Toddler survives being submerged in car; returns to hospital to meet rescuers


Four weeks after a 2-year-old Rush City boy was pulled from a submerged car, he's meeting the people who saved his life, FOX 9 reports.

Royce Rivera was smiling and giving fist bumps to first responders Thursday, and even sneaking a finger-lick of frosting off a Batman-themed cake, FOX 9 says.

Less than a month ago, his family wasn't sure he would be here.

Rivera was sitting in the vehicle around 10 p.m. Oct. 19 – his mother, 23-year-old Jessica Delcourt was driving; his infant sister was a fellow passenger, the Kanabec County News reported.

According to the State Patrol, the car came to a slight left turn on Highway 65 in Mora, ran off the right side of the road and landed in Mora Lake, eventually becoming completely submerged.

Delacourt managed to free herself and her daughter, escaping unharmed, the Kanabec County News said.

Rivera went under, and spent 25 minutes there before rescue crews managed to tow the car above the surface and cut him out. He was unresponsive and "limp," the County News reported, and airlifted to Children's Hospital in Minnneapolis.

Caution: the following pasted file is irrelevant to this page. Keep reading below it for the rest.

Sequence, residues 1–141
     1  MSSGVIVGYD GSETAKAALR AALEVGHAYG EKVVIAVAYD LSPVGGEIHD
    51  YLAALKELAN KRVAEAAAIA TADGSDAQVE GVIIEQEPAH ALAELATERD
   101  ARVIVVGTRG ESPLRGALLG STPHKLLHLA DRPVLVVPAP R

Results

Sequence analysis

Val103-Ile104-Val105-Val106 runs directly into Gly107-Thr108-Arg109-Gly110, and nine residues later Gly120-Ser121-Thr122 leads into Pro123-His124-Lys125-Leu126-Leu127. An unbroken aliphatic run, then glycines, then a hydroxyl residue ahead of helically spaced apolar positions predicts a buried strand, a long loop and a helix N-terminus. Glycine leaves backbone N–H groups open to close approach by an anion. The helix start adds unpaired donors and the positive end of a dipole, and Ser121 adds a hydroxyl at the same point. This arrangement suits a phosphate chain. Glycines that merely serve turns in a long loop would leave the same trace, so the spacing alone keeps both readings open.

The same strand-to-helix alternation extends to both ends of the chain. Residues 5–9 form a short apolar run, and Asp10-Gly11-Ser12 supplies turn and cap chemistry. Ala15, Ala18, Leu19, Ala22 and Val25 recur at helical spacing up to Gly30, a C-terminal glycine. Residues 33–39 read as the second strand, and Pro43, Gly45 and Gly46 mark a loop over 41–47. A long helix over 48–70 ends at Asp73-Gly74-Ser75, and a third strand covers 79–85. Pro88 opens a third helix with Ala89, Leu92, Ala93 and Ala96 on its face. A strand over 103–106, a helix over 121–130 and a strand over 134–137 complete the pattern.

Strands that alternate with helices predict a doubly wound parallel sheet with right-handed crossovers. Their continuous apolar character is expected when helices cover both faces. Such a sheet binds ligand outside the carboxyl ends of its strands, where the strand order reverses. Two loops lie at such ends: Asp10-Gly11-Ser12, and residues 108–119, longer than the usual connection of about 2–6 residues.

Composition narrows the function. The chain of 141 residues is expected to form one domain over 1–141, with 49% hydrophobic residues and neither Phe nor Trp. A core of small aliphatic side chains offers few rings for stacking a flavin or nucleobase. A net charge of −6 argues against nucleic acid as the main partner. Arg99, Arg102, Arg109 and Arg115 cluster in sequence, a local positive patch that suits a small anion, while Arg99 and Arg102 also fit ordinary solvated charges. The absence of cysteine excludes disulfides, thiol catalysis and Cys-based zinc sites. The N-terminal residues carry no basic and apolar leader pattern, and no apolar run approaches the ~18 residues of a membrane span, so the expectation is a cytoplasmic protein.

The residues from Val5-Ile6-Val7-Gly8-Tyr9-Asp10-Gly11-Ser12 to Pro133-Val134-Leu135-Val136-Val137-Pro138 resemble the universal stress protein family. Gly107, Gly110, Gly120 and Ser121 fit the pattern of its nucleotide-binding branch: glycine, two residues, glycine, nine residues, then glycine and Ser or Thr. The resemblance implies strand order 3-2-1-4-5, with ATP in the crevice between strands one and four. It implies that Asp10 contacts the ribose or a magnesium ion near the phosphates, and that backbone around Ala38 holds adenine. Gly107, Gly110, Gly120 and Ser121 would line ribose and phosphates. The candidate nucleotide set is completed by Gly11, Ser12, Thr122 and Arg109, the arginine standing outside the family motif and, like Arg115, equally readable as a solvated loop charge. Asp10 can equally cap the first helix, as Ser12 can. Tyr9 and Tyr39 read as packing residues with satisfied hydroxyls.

He was initially in a coma, according to the family's GiveForward page.

He spent more than a week in the hospital, and was released on Oct. 29. But he returned Thursday to meet the first responders who saved him, FOX 9 reports.

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The family has a GiveForward campaign, and hopes to raise $5,000. As of Friday morning, the total was at $1,075.

The crash came 11 months after a similar incident in St. Louis Park, in which the vehicle 23-year-old Marion Guerrido was driving went off an exit ramp and into a holding pond. Five kids were in the car at the time and were completely submerged in the freezing water for anywhere from 25-45 minutes. Two of the children died. Guerrido managed to get out of the vehicle before it went under.

How do children survive such a physically catastrophic event? The cold water helps.

Dr. Aaron Burnett, an assistant medical director for Regions Hospital Emergency Medical Services, told the Pioneer Press the cold slows cells' metabolism, meaning they don't need as much oxygen to operate. The chance of a successful resuscitation within the first hour is actually "really good," Burnett said – much more so than if the water had been warm.

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